Joanne Palmer's Life in the 'Boat column appears Wednesdays in the Steamboat Today. Email her at firstname.lastname@example.org
Find more columns by Palmer here.
Fall and winter have collided. The result? A dazzling display of frosted trees, buttery aspen leaves and "snain" - that half snow, half rain thing that's been falling from the sky. Now that I've reluctantly turned on the heat in my house, my thoughts have inched toward the upcoming ski season.
I've leafed through a few ski magazines, checked out some Web sites and talked to a few people "in the know," and for the first time, I feel conflicted, bordering on schizoid.
I found some interesting new innovations (yeah : a heated jacket from Mountain Hardware) as well as gadgets and gizmos (Camelbak's new vest with hydration system built into it) all designed to make skiing and riding more fun, but then I stumbled upon this rather alarming statistic.
According to the October issue of Ski Magazine, "Apple's online store offers more than 60 skier-related apps, and the iPhone currently dominates the high-country app-o-sphere."
App-o-sphere. There's a word that gives me pause. Sixty skier-related apps? Double pause. Huh? What?
Apparently, skiers can use their phone for snow safety updates, weather forecasts, snow reports and even the iTrailmap - a smartphone application that means paper trail maps could become passe, or at the very least, optional.
I like the idea of using less paper and saving trees. Not trying to refold a trail map is a huge plus. However, my vision is deteriorating, so I'm not sure how much longer I'll be able to read a trail map or decipher what is on my phone.
My phone might need to feature a magnifying glass or a voice application that tells me where to go. Although I like the concept of the iTrailmap, 60 skier-related applications seems a bit excessive to me.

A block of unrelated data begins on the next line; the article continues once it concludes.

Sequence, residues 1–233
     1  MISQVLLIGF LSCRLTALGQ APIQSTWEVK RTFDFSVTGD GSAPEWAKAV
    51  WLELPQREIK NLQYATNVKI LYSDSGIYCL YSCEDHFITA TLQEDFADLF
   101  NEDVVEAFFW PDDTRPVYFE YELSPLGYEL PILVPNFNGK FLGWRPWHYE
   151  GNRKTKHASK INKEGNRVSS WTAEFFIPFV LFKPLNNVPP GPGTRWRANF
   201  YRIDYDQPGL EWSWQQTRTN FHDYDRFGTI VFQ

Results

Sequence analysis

How much information is too much? Isn't a ski day supposed to be more about making a connection to Mother Nature and less about connecting with the "app-o-sphere"? If, thanks to your phone, and all of its whiz-bang applications, you don't get caught in a blizzard, ride the wrong chairlift or miss your lunch rendezvous, what are you going to have to talk about at the end of the day?
Yes, I'm a fan of technology, but I think I'm an even bigger fan of good stories. I need to sit around with my friends at the end of a ski day and talk about the people I met on the chair lift, the view from the top of Storm Peak, which still takes my breath away, and yes, the face plant I took. If my ski day is going to be spent talking on my phone, taking pictures with my phone, texting on my phone and looking at my phone for the latest weather conditions, how much time will be left to ski?
I do want my phone with me in case of an emergency, but unless disaster strikes, it will be turned off.
I want my primary relationships to be in real time with real people. If I need to know if it's going to snow, I will tilt my head back and look at the sky above me. And if I'm cold, I'm going to wish I could zip myself into that new heated ski jacket (with three on-demand heat settings) from Mountain Hardware.